A heart attack, a stroke, a diagnosis of coronary artery disease — these are terrifying events. And then, at this moment of maximum stress, when you may be facing the idea of your own mortality for the very first time, your health care team orders you to…relax! Is that a joke? Isn’t relaxing for healthy people?
But the fact is, highly stressed people with coronary artery disease have a high risk of future heart attack or stroke, according to Michael McKee, PhD, of the Psychiatry and Psychology Department of the Cleveland Clinic. If you want to stay out of the emergency room — and if you want to heal — you have to recognize that stress may have contributed to your illness, and you have to find healthier ways of responding to it.
New Ways of Thinking
Emotional stress puts physical stress on your heart by raising blood pressure, promoting inflammation and increasing your heart rate. Life’s pressures — money worries, job frustrations, relationship woes, family strains —can also lead to unhealthy coping mechanisms, such as overeating, heavy drinking or smoking.
The next time you start to feel stressed, pay attention to your body. Is your heart beginning to race? Is your breathing quickening? Acknowledge it’s happening and then address it: Close your eyes, slowly breath in and out, and let your thoughts go. Don’t fight against thinking — when a thought arises, let it in, but don’t dwell. Say to yourself, “I’m thinking.” This can help you refocus.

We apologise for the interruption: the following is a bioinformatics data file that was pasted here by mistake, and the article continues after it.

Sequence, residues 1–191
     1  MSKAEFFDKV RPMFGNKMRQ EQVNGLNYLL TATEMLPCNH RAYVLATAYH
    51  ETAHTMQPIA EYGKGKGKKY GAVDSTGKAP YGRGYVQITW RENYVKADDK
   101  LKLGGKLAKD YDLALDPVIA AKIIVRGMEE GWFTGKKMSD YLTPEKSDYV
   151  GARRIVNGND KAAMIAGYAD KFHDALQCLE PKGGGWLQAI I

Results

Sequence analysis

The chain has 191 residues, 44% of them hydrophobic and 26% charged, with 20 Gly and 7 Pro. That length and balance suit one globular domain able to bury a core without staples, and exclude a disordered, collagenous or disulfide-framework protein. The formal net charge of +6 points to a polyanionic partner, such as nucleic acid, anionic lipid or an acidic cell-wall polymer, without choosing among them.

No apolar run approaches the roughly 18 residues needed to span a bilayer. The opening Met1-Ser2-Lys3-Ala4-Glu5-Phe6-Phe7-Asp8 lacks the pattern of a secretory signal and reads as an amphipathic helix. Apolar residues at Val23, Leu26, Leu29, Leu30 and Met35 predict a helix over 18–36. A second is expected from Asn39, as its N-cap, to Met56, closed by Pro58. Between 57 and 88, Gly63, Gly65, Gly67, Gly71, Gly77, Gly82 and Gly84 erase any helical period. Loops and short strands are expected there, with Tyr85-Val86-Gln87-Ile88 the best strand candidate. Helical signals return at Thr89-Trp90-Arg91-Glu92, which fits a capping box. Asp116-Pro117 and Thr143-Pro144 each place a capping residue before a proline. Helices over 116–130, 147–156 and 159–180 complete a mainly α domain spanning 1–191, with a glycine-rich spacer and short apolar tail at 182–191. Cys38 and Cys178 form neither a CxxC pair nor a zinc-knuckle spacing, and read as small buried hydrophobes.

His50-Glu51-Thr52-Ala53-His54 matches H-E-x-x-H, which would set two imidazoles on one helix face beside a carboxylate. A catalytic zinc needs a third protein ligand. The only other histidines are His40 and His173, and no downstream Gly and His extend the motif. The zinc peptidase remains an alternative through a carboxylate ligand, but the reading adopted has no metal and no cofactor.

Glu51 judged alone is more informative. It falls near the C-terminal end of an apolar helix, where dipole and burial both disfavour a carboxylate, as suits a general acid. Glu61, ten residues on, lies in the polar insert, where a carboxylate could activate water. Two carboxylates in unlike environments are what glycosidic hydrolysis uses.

If you’ve been diagnosed with heart disease and you’ve relied on these behaviors to get through problems before, you may feel caught in a vicious cycle: “How can I kick unhealthy habits if they’re the very things that help me through stressful times?” You may also feel that all the advice to eat well and exercise is just another pressure — and you may respond the same way you did before your diagnosis: “I just don’t have the time.”
“It all starts with attitude,” Dr. McKee says. “If you always think the way you’ve always thought, you’re always going to do what you’ve always done.” The key, he advises, is to create new ways of thinking that are healthier for you. That begins with putting your health at the top of your priority list — not shrugging it off as something you’ll get around to dealing with eventually. “You need to concede that it’s important to take time to take care of yourself, and that doing so is what’s going to allow you to succeed for the rest of your life,” Dr. McKee says.
Tune In to Your Body
One of the first steps in managing stress is learning how your body deals with it. One method: biofeedback (typically done in a health practitioner’s office), which uses a machine to measure your body’s responses (heart rate, blood pressure, body temperature) to various triggers. Learning how to bring your body to a proper “resting state” is the key.